Are you ready for Apple reality? iReality? iWear? Whatever the name, it looks like Apple hasn't given up on the dream of AR glasses. A patent application filed by the Cupertino company has surfaced, detailing an eye-tracking system designed for AR/VR headsets.
The patent application filed with the US Patent and Trademark office is for an eye tracking system that detects the position and movements of a user's eyes in a head-mounted display (HMD). As is typical with such applications, Apple wants to cover as many bases as possible, and as such several variants on a set-up of infra-red cameras and reflecting mirrors mounted on the sides of the users eyes.
This confirms previous reports and patents indicating that Apple is committed to developing augmented reality glasses, a concept that the tech world seems to be enamored with, but has so far failed to capture the hearts and minds of consumers. Remember Google Glass? A pioneering concept, to be sure, but one that nevertheless ended up as a punchline.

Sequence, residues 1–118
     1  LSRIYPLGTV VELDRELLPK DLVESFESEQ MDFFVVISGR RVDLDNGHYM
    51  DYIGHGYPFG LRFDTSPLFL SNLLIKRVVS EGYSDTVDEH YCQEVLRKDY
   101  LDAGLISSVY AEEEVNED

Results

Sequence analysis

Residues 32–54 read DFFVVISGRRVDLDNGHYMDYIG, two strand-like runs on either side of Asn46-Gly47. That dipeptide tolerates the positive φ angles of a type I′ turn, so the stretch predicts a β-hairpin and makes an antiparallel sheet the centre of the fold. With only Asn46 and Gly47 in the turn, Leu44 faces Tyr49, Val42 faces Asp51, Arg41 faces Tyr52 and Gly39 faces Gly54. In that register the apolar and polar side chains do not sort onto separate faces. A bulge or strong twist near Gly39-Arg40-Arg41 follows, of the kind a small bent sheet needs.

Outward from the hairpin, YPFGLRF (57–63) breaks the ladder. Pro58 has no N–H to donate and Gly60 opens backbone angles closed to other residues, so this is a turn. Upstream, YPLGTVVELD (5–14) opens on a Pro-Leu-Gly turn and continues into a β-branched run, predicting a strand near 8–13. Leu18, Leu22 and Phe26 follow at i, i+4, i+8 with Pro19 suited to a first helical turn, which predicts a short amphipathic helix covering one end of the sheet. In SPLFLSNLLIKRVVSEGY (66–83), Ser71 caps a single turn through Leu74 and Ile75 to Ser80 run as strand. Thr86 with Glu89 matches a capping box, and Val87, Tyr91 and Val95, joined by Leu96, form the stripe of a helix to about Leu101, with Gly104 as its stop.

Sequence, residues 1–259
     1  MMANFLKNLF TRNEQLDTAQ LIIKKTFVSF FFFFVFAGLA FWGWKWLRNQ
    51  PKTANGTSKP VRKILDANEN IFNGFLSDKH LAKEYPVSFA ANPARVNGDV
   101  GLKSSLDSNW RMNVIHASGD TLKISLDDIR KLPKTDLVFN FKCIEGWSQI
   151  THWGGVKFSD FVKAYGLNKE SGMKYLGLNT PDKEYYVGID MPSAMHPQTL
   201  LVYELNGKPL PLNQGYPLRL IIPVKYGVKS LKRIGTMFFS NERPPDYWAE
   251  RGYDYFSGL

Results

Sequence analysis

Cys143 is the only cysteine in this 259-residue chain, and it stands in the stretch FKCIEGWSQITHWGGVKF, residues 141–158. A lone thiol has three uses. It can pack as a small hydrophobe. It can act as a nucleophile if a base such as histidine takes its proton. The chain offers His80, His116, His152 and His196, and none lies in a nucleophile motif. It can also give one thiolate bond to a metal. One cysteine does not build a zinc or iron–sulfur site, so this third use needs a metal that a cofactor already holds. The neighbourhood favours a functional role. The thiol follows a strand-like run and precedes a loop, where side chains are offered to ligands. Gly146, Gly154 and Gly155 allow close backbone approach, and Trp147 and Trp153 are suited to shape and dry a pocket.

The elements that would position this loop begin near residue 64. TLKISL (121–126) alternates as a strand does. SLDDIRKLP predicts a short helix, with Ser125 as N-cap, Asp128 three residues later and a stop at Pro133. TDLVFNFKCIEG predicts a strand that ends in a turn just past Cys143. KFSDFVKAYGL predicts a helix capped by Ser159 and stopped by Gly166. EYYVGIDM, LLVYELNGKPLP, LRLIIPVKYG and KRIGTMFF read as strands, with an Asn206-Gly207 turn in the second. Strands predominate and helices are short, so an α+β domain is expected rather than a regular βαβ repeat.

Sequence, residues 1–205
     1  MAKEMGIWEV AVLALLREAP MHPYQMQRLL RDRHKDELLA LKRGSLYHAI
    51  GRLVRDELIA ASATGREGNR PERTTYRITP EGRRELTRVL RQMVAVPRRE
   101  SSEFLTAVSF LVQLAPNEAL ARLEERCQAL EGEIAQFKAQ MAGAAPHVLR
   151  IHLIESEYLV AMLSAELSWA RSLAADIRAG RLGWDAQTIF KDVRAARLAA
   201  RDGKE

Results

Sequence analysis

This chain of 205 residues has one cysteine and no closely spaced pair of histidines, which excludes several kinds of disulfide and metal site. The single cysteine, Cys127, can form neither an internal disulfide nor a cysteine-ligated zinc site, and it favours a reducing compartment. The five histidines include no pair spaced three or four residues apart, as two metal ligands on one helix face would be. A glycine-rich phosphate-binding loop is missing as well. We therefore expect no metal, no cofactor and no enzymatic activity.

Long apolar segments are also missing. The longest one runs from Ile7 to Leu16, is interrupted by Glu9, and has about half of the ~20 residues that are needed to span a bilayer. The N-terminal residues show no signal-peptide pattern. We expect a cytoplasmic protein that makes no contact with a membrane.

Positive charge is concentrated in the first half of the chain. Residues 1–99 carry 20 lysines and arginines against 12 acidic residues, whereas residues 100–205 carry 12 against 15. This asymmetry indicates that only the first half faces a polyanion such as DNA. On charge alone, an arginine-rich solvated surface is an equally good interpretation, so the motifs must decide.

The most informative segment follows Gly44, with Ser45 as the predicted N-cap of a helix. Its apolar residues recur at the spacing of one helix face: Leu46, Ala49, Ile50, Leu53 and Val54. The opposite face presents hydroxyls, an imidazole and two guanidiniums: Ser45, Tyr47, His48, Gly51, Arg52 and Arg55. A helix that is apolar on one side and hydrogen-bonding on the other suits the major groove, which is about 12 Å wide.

Interestingly, one of the variants specifies a set up with just one camera tracking one of the user's eyes. An iMonocle for the more sophisticated good sirs among you? Perhaps one designed to dramatically pop from your face as you express shock that your friend's phone got its latest security patch in 2014.
Can Apple make AR glasses a success?
Wearable tech glasses have an unhappy history. The aforementioned Google Glass is the most famous of these misfires, but we've seen other notable flops, such as Snapchat's Spectacles (which has just seen a refresh, despite the disappointment of the first generation), and Intel's discreet, discontinued Vaunt glasses.
It really seems like people don't want to wear these things. But maybe we're just not there yet in terms of combining the tech with an attractive design people actually might want on their face.
If anyone can manage such a feat, it'd be Apple. The Cupertino company has a track record of popularizing some hard to swallow-concepts, such as the infamous smartphone display notch, even if it's not an original idea.
Could Apple's marketing savvy and design sensibilities actually make AR glasses a hot trend that takes off? Right now it's too early to tell, but some pretentious claims about redesigning reality with an 'i' in there somewhere surely aren't far away.
What do you think Apple needs to do to make a success of AR glasses? Will another brand get there first?
Source: United States Patent Office